An almost impossibly difficult year is coming to an end, and a new one, filled with new hope and new possibility, is upon us. As we do each year on Rosh Hashanah, we will stand together and listen to the piercing cries of the shofar. This year more than ever, it’s important that we stop and consider just what the sounds of the shofar signify.
The Torah refers to Rosh Hashanah as Yom Teruah, a day of teruah. In attempting to explain just what teruah means, the Talmud translates it as yevava, crying. The proof text from which this explanation is derived is fascinating — one might even say shocking: the Talmud derives the idea that teruah means crying from the tears shed by Sisera’s mother as she agonizes over the fate of her son.
Sisera was the commander of the Canaanite army and a reviled enemy of the Israelites. Yael eventually kills him by driving a tent peg through his head. There was never any love lost between the Israelites and this military figure, and the Bible never doubts that Yael’s killing him was just. And yet, his mother’s anguish registers so deeply that we hear her sobs year after year after year, every time we hear the shofar blast.
A midrash offers another basis for associating the cries of the shofar with the cries of a frightened mother. When Isaac returns home after he is bound for sacrifice by Abraham he tells his mother what his father had done to him. She asks, “Were it not for the angel’s intervention, would you have been slaughtered?” and he answers simply, “Yes.” At that moment, the midrash says, she lets out six cries and then dies — and those cries are the basis of our shofar blasts today. Here again, the blowing of the shofar conjures the experience of a mother terrified for the well-being of the child she loves.
In another version of the story, an angel approaches Sarah as Isaac is bound upon the altar and tells her what is about to happen, adding that Isaac is currently weeping and screaming. Sarah cries — and those cries, we are told, are the basis of our shofar blasts. Note the subtle difference between the two stories: In the first one, Sarah sees Isaac and knows that he has been saved; in the second, she has every reason to assume he is about to die. She cries from the utter horror that perhaps his life is ebbing away even as she and the angel speak.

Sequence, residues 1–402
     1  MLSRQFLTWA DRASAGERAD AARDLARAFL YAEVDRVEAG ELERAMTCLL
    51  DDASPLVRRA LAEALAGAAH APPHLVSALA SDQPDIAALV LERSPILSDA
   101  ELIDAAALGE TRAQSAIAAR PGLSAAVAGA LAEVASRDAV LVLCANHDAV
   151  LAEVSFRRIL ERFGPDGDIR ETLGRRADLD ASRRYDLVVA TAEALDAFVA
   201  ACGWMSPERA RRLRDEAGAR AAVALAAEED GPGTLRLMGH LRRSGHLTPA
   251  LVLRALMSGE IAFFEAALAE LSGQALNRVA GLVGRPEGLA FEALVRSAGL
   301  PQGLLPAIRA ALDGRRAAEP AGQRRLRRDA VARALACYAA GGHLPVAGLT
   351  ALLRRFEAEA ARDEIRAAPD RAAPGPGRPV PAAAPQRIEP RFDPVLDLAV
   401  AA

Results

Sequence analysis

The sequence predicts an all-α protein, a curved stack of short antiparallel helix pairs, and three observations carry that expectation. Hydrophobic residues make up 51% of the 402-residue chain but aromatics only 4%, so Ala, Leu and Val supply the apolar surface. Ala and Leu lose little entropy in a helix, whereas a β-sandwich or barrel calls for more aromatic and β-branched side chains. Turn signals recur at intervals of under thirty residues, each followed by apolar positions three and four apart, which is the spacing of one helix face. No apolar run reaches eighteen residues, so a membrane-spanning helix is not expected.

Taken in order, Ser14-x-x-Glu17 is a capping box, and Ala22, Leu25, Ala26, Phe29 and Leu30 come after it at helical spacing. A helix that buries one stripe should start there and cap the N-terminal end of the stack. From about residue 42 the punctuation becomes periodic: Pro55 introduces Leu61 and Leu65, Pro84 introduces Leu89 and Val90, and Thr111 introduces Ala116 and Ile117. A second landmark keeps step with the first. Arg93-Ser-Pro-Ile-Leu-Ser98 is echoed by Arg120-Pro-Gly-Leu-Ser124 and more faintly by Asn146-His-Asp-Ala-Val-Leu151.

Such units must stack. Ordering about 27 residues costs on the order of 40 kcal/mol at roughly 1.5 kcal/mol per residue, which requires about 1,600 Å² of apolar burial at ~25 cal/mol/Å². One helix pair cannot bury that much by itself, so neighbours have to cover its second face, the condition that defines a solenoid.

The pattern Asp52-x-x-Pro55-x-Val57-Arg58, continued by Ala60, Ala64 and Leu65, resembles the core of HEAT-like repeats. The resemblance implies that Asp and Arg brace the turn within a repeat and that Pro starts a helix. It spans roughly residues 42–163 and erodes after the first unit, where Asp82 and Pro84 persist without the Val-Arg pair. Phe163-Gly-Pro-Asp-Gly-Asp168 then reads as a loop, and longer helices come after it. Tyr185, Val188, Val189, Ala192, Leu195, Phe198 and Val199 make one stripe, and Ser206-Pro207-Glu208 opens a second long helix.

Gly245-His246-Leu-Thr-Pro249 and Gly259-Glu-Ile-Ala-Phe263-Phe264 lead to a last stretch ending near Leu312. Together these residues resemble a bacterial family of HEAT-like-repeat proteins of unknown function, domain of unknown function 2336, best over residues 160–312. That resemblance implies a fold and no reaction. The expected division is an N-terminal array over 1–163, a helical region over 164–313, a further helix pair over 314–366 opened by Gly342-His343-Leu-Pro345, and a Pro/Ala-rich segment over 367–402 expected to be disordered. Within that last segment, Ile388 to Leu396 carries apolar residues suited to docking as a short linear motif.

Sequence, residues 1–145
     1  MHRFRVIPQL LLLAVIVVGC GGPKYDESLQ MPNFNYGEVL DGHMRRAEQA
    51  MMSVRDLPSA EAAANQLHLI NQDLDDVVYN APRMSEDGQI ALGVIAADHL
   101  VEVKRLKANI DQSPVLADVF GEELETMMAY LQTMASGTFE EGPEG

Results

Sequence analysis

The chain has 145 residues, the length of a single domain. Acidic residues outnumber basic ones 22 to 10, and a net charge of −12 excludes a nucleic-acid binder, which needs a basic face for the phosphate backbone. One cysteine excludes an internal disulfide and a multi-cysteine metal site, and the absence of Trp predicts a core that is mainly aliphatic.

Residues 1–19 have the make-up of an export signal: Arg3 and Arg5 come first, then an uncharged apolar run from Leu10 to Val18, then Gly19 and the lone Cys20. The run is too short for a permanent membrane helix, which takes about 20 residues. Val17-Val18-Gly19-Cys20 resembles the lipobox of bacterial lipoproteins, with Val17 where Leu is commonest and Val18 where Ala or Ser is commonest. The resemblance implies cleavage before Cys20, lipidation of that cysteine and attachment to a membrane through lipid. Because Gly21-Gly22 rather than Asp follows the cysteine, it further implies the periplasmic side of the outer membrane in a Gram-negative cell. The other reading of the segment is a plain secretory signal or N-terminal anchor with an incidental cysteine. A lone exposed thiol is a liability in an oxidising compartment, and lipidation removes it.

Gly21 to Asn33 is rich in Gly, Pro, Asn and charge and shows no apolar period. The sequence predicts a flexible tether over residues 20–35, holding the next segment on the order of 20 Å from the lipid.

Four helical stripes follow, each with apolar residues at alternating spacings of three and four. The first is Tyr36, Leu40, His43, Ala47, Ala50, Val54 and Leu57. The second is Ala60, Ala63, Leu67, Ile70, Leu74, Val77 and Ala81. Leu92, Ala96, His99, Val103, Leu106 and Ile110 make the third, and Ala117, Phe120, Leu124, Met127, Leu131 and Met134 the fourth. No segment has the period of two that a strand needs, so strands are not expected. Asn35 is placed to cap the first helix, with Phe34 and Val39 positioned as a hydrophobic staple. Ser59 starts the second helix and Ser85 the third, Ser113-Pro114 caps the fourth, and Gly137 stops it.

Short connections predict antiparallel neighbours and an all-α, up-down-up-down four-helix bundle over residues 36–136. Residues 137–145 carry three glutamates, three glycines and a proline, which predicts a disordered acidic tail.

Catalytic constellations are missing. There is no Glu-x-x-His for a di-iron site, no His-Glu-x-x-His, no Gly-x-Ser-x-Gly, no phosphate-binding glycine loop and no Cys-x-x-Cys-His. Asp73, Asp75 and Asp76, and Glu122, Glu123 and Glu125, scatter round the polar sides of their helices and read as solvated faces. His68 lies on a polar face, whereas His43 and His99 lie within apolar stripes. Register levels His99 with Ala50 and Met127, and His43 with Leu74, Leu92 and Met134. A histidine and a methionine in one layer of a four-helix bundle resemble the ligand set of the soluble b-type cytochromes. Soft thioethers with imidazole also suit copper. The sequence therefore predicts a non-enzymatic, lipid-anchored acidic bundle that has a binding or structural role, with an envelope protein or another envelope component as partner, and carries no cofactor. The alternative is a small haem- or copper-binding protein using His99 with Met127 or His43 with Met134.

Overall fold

The cries of the shofar correspond to the sobs of a frightened, grieving mother — whether Isaac’s or Sisera’s. A chasm divides Isaac and Sisera: Isaac is one of the patriarchs of the Jewish people — a bit hapless perhaps, but remembered as fundamentally good and righteous; Sisera, on the other hand, is an enemy and an oppressor of the Jewish people. And yet Jews come together each year to listen to the cries of both mothers, Isaac’s and Sisera’s. As the late Rabbi Yehuda Amital wrote, “There are countless differences between Sarah our matriarch and Sisera’s mother. Yet despite the worlds that divide them, there is one thing they have in common… the natural terror a mother feels for her son.”
Holding these two mothers together in memory is crucial, because at this late date, when so much blood has been shed and so many dreams shattered, perhaps the anguished cries of parents afraid of losing their children is the only thing that can actually bring people together.
No matter our political persuasion, no matter our sense of what military response is necessary at any given time, one thing ought to remain clear: It is never a crime, never an act of treachery, to hear the cries of the mother of one of our enemies. We are invited — required, in fact — to do just that on Rosh Hashanah. If we are obligated to hear the cries of the mothers of our sworn enemies, how much the more so the cries of mothers of those innocents killed in the crossfire.
I have said nothing here about just and unjust war, about possibilities or perils in charting a way forward in the Israeli-Palestinian conflict; I leave all that for another day. I simply want to remind us that at some level, the cry of a parent is the cry of a parent. If we cannot hear those sobs, then let us cry for our own humanity.
Implicit in all this is a simple yearning: Maybe one day, when all other options have been exhausted, it is the shared fear of parents that will yet bring us together. Perhaps. when all hope seems to be lost, Isaac’s mother and Sisera’s will show us the way forward.
Shai Held is the co-founder and dean of Mechon Hadar. You sign up to can receive his weekly essays at www.mechonhadar.org/shaiheld.